Bloggasm considers authors who give their books away online and whether it does them any good, using some case studies that’ll be familiar to longtime GalleyCat readers, including Nick Mamatas‘s Move Under Ground and Peter Watts‘s Blindsight. In that second case, Watts says the online attention not only helped ensure a second printing for his science fiction novel, it may even have tipped the scales in terms of getting the book on the shortlist for this year’s Hugo Awards. But that kind of success won’t necessarily last, he realizes:
“What happens when everybody releases their work through a Creative Commons licence? Then it’s no longer newsworthy, and while it will certainly continue to make my work more accessible to people who already know of my existence, it certainly won’t lure in any new readers the way the Blindsight campaign has done. It’s a niche strategy, in other words. It only works as long as most artists aren’t doing it.”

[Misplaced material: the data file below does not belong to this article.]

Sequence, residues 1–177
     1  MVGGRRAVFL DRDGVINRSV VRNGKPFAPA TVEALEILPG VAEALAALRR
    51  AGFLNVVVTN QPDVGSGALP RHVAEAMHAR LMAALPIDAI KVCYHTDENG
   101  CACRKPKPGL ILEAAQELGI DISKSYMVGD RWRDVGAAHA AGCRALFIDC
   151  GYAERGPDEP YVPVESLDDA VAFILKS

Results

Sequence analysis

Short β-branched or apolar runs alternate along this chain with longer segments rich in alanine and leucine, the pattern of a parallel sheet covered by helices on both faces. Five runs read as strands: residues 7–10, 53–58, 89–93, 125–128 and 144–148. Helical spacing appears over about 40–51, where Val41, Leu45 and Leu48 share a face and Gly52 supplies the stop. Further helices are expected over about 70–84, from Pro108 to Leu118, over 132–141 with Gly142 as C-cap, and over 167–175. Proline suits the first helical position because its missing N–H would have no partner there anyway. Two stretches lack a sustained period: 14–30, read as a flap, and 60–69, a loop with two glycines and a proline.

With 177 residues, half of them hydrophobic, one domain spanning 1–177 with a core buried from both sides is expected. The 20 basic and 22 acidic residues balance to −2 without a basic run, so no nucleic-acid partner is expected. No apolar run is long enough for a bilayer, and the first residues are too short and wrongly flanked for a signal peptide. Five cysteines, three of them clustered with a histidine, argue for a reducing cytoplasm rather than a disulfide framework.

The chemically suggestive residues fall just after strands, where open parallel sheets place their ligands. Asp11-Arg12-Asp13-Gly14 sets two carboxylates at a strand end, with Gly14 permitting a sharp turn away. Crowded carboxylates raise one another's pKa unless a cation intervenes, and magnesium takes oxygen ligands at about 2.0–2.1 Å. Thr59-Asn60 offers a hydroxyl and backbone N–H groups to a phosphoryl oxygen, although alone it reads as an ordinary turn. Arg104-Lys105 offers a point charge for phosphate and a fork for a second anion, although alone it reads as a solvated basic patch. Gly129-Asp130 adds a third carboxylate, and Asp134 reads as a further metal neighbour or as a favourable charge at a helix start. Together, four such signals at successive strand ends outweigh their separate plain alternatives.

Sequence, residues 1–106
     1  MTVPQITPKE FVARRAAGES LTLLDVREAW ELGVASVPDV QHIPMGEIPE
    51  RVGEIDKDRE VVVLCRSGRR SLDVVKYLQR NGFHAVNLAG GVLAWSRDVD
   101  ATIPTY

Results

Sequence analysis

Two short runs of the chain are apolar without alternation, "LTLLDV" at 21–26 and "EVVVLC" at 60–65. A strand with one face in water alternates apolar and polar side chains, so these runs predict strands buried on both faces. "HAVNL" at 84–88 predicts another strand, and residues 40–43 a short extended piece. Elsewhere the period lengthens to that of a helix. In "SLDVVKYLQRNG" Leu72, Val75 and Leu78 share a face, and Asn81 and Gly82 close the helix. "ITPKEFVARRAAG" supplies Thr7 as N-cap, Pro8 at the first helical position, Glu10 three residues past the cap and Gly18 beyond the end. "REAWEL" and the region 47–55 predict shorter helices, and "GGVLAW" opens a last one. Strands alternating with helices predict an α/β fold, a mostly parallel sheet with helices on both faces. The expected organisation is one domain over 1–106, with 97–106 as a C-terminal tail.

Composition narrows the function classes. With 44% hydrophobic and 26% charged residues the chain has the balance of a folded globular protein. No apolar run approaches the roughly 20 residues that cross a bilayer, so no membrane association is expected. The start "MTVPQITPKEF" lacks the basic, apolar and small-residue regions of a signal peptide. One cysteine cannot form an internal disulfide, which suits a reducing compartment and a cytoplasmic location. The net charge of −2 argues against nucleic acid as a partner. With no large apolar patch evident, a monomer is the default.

Marketing expert Seth Godin was a little more optimistic than that last week, when he suggested everyone should write an ebook. Then again, the situations are slightly different; Godin’s not just talking about providing free online editions of your print books, but creating new material strictly for online distribution—and his approach may be best suited for non-fiction writers who want to spread ideas rather than stories.